In many ways, the mainstream conversation surrounding games parallels the discursive parameters for sports journalism. So much so, that sometimes I wonder if Roger Ebert was right. No politics allowed, no bias (meaning having an opinion that goes against objectivity the default bias), no philosophy or “reading into things,” no mention of anything socially controversial or significant. The interchange among critics producing “serious” game criticism or new games journalism is anything but. Whether it’s Cameron Kunzelman casually slipping into Foucault or Leigh Alexander bringing up the fact that AAA gaming culture serves a predominantly young straight white male audience (the comments sections of which usually lead me further down cynicism road), gaming criticism is perceived as overly academic or taken as personal attacks.

These discussions need to be had, but no one seems to be listening to each other. These “conversations” start off as firefights, move into critical standstills, then fizzle away like so many particle effects in the virtual night. No one’s opinions are ever changed, just reaffirmed.

Of course, some do not care to speak to that audience that isn’t listening, opting for the insularly ecology that mimics academia’s exclusionary circle jerk. Of course, this can be a good and necessary thing, but experts only talking to experts seems a methodology more suited for the sciences than cultural inquiry. Mattie Brice said that “game criticism is a radical act.” And while Plato’s gadfly needs to live, annoying and arousing the cattle, I wonder if there’s another way to get through, another way to speak. Because yelling doesn’t seem to be working on any sides.

I don’t have the answer, only more questions. People a lot smarter than me are dealing with what boils down to making criticism in general relevant (a struggle signified by the game critics’ need for Patreon) to the masses and haven’t provided a remedy. Maybe this is an oxymoron. Attempts at making game criticism relevant or significant seem to take the form of social justice, political agenda. This is fine. This is good. The “objectivity” and “non-bias” and contempt to any mention of sexism or racism (oddly enough, often by those who have never experienced either) are all inlayed with politics as well. Remember the fish forgets that he’s in water. Opposition is necessary.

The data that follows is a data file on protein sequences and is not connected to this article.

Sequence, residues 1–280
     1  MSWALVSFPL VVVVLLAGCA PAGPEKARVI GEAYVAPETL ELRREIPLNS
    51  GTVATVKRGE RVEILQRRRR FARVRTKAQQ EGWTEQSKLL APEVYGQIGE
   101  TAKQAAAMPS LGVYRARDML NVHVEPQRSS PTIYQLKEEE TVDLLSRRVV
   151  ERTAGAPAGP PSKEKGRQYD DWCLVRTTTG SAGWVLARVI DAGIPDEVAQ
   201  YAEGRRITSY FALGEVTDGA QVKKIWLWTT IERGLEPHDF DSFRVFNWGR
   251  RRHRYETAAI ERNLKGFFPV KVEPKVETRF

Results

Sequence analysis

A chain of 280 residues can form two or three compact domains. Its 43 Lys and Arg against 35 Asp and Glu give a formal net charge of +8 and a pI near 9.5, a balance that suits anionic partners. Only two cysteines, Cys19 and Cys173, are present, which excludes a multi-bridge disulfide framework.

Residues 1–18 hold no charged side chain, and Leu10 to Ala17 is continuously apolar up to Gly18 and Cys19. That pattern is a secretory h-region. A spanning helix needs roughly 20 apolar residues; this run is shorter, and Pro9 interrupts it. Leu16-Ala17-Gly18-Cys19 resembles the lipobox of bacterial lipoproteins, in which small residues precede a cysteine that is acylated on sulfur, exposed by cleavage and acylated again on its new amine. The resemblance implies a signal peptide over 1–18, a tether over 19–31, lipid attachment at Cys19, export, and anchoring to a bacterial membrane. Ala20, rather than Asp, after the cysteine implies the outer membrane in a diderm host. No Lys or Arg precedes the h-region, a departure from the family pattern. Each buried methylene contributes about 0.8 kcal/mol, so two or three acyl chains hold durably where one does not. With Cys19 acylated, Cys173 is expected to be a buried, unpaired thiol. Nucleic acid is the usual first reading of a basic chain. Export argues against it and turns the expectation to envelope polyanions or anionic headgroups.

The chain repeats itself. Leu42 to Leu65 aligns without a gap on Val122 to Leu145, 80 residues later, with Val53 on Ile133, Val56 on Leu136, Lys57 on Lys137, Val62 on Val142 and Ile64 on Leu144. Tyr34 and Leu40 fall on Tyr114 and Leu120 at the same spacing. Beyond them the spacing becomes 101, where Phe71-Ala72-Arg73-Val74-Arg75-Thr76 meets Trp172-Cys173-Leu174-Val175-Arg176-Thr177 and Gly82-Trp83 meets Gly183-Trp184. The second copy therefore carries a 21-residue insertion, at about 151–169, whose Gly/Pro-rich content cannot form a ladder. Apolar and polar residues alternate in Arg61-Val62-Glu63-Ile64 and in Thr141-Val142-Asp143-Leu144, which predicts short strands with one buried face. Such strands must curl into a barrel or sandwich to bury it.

But this has left games criticism almost entirely concerned with representation, which is only 50% of a game. When this is the only way games are discussed, I wonder why game critics are game critics at all. If you’re only concerned with how something is presented, how it looks, maybe you should be writing about film or television, mediums that deal 90% in representation, and are still often problematic. Otherwise, game criticism becomes only a means to end, no longer valuable in itself or about the games themselves.

Games criticism as an agent of change? I at most times doubt this, then I think on how it’s affected my own thinking. After discovering Critical Distance and the writers that I have mentioned, here, less than year ago, I’m certainly much more sensitive (not perfect) to others, attuned to issues of representation, willing to try to consider another perspective, and even more open to being wrong. Equally as important, game criticism (really thinking about it) has taught me to listen more intently. My concern is that this is to be expected. I am a regular. I came to the community ideologically weighted in that direction. My concern is how do we get the gaming community at large in the conversation? Is this even possible? How can you speak to someone who isn’t listening and doesn’t want to?

As it stands, if a game critic yells in the woods, she simply arouses the echo of familiar voices throughout a forest preserve.

You can read and watch the wonderful and thought provoking talks from Critical Proximity here. I would also encourage anyone who happens to be reading and isn’t familiar with some of the writers I’ve mentioned to check out their work. In providing new ways to look at games, these critics also provide new ways to enjoy them.